Once we see how much lesser, how reduced, the coronation of King Charles will be, and see that we are moving towards a secular republican system of governance, one where our constitutional monarchy will have to be revised considerably for the future, (if it is survive at all), it will bring into clarity just how special the Queen was. How lasting her memory will be. But before we get ahead of ourselves and start talking about constitutional reform I want to simply say a few words as to why I personally think that Queen Elizabeth was quite probably the greatest diplomat in the history of the developed world.

Not only has she met more world leaders than any other diplomat, ever, but for over seventy years she received the very deepest secrets of our state in a little red box once a week. In this box were situation-reports that were shared with the Prime Minister and some of the Cabinet, not all: as Queen she was entitled to receive superbly confidential and secret information unbroken throughout her reign, about what was going on in the world, often shared by the United States’ CIA. Meaning that for nearly seven decades, one tiny woman sat in a rattling palace reading our darkest secrets about current affairs and threats. When collated against decades of information and data, she had more appraised knowledge – had more awareness of what was going on the planet – than arguably any other human being on earth. That in itself is remarkable. And, not once did she utter a word about it! Queen Elizabeth died with the historical secrets of the world and its leaders unspoken, she never grassed or bubbled – even to her own children or staff. Countless Presidents and Prime Ministers sought her counsel because of this very fact, knowing she would never breathe a word about it.

More remarkable, and probably something that people know much less about, are some of the hidden tales of when the Queen had to meet people who were in the throes of profound grief.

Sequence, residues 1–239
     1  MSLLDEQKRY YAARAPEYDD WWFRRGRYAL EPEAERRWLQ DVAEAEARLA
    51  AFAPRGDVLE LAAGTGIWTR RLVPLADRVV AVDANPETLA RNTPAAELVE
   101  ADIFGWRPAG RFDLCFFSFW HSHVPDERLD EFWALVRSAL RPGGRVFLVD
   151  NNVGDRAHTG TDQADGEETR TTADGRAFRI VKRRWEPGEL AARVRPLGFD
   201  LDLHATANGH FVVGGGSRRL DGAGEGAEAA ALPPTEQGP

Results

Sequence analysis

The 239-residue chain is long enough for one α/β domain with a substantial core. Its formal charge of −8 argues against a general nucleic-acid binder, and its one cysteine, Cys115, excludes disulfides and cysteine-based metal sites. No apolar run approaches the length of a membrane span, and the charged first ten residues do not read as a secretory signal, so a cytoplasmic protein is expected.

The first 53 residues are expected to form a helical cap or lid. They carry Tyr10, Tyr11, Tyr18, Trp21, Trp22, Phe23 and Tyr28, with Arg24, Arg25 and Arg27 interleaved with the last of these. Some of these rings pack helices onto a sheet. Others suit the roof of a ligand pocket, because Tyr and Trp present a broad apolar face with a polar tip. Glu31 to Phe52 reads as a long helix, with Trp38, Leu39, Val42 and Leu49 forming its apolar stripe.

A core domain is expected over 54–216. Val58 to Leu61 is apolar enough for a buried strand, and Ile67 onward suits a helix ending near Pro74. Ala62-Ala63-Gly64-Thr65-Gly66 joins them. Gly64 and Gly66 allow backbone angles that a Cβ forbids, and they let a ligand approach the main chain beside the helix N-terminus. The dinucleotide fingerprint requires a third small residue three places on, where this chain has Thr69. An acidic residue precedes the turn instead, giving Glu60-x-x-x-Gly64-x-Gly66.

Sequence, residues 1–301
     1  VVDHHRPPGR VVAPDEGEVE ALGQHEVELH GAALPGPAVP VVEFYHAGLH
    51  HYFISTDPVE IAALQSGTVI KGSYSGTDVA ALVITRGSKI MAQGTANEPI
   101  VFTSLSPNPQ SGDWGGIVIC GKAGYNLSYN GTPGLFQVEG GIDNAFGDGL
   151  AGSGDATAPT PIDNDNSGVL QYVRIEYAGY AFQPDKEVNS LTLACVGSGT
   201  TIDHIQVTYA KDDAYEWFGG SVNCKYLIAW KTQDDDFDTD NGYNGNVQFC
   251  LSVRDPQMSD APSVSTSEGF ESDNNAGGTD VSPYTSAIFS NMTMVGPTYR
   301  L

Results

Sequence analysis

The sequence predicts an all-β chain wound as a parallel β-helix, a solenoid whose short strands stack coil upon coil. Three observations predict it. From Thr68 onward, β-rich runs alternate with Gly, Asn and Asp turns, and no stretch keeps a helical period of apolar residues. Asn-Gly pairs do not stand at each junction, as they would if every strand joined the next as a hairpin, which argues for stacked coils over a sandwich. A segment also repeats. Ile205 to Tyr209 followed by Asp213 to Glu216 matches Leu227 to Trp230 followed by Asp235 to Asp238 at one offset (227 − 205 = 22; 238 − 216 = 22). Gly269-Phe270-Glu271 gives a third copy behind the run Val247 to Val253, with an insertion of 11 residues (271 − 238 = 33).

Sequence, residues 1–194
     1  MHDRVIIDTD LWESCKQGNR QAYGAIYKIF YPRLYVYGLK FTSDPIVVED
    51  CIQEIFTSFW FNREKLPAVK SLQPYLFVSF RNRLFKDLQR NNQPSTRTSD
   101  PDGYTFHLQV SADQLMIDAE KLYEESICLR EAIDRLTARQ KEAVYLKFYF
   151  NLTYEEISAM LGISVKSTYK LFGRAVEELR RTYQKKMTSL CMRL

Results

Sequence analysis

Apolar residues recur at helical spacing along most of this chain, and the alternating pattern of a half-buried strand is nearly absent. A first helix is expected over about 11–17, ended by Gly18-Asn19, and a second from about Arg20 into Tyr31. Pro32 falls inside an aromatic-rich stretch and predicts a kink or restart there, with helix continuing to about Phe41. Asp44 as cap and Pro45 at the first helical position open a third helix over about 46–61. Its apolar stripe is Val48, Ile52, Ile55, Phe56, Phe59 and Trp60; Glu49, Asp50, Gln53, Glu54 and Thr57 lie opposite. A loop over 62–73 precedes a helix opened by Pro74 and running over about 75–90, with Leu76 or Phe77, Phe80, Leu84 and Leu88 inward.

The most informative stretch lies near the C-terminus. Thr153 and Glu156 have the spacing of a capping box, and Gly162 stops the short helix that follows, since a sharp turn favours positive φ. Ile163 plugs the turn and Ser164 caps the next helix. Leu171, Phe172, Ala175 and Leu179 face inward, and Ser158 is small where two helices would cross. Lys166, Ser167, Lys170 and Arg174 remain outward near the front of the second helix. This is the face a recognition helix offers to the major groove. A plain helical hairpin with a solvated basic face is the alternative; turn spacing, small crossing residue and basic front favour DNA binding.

There is a deeply moving story told by her policeman, her Royal Protection officer who in the days after the Dunblane massacre (where sixteen children were sliced to pieces with a gunman’s bullets), she insisted on meeting the parents. She put her handbag down and looked her policeman in the eye before walking into the vestry at Dunblane, where a little room had been set up for the parents. No one else entered but the Queen. All her staff could hear was the howling and screaming of mothers who fell into the arms of the Queen. When it was over, she came out of vestry, picked up her handbag and went to the toilet. In the bathroom her policeman could hear her sobbing.

Throughout the wars that run the full catalogue of British history, from the Falklands to the first Persian Gulf, to Iraq and Afghanistan to Northern Ireland where her own dear uncle was blown apart by the IRA, she would meet the mothers and the wives of thousands (over the years) of servicemen and women who died in combat. She would hold their hand, and she would hear how these mothers and his wives would now try and come to terms with moving on with their lives having lost the person they loved most.

Aside from the garden parties and all the pomp and circumstance of the trooping of the colour, the 70 years of 400 engagements a year pale into insignificance, it is these moments where she was the listening post for grief, where she was the confidant of everybody’s secrets and everybody’s loss, that she commands my most innate respect.

It is how I choose to remember her, it is what I want to think of when I think of Queen Elizabeth, how she became the nation’s ever loyal, constant and ever listening counsellor.